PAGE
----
The World Bank, which is satisfied with the progress that the DRC has made in terms of governance and economic reforms, plans to accelerate its ... financing projects, its vice-president, Hafez Ghanem, tells The Africa Report.
It is a testimony to the potential of Africa’s mobile phone market that the majority of the continent’s operators are now owned or controlled by foreign players. A decade ago, there was scarcely any foreign investment in the continent’s mobile operators.
Now, apart from South African giant MTN, Zimbabwe’s increasingly successful Econet Wireless, Nigeria’s Globacom and a handful of state-owned operators, the sector is dominated by Asian, European and Middle Eastern investors. They have had a stark impact. In 2000, Africa had 15.5m mobile subscriptions. By 2011, that had exploded to 646m, according to the International Telecommunication Union.
JSE-listed MTN in South Africa remains the continent’s largest and most successful operator. From its sprawling head office in the Roodepoort suburb of Johannesburg, MTN announced profits of R12.2bn ($1.4bn) for the first six months of 2012, up 13% on the year before.
It has recently completed an internal restructuring that brought the CEOs of its South African and Nigerian companies onto the executive committee – reflecting their importance to MTN’s balance sheet.
Of R24.2bn capital spending planned for 2012, the company earmarked 62% for South Africa and Nigeria. Its longevity has allowed it to push ahead with innovation, most recently launching a mobile newspaper in Nigeria.
A lot of profits are actually exported in the form of dividends and management fees, and that doesn’t really benefit the continent per se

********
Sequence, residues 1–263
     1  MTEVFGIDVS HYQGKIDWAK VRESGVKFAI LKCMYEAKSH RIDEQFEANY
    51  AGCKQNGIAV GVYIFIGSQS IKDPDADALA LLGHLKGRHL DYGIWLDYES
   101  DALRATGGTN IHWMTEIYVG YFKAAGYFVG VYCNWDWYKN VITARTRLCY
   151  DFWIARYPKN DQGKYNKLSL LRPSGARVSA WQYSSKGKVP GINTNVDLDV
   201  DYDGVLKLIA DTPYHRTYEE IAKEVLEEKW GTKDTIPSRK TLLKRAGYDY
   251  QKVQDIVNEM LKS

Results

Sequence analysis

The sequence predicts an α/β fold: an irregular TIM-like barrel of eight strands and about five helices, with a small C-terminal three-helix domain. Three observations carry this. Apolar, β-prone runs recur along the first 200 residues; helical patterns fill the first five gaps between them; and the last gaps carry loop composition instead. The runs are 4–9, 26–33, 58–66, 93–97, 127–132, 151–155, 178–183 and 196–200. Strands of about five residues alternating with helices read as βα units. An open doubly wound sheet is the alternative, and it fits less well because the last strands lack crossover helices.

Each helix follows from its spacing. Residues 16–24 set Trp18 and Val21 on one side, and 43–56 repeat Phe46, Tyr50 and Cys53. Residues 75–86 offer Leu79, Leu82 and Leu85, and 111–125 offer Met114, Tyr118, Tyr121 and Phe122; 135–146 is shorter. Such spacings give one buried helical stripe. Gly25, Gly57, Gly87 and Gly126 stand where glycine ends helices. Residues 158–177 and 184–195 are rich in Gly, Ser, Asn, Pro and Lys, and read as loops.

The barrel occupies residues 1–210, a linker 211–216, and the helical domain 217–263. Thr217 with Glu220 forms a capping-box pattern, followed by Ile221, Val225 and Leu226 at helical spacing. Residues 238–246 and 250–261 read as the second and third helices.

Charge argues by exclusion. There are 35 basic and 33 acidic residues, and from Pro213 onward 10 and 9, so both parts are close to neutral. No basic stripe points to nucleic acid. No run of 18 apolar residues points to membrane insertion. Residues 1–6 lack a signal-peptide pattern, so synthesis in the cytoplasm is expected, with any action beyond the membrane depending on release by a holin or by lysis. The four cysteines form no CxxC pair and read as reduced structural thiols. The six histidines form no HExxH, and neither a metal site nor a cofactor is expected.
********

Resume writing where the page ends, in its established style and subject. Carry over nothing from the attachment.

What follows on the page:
Gone are the days when state-owned companies held a monopoly on price. Some still exist, but they rarely have a good reputation.
Only four African countries are yet to sell licences to foreign investors: Ethiopia, Djibouti, Eritrea and Libya. Telecoms operators from the Middle East have been looking for opportunities in the Libyan market, with Etisalat, Qatar Telecom and Saudi Telecom all expressing an interest in licences.
Meanwhile, the growing footprint of Libya’s ailing state-owned LAP Green has stalled and shrunk, most noticeably when the Zambian government seized operator Zamtel in January 2012.
In Ethiopia, the most under-tapped telecoms market on the continent, where only 18 million out of 80 million people have mobile subscriptions, the state invited foreign players in to upgrade infrastructure for state-owned Ethio Telecom, rather than to sell mobile licences.
Following a two-year contract with France Telecom, Ethio Telecom was in the process of inking a $1.3bn infrastructure deal with Chinese firms ZTE and Huawei in October.
Other homegrown African operators are now predominantly out of African control.
UK-based Vodafone has held a 65% controlling stake in South African operator Vodacom since 2008. Russia’s VimpelCom owns 51.7% of Egypt’s Orascom Telecom after its 2008 merger with Naguib Sawiris’s Wind Telecom.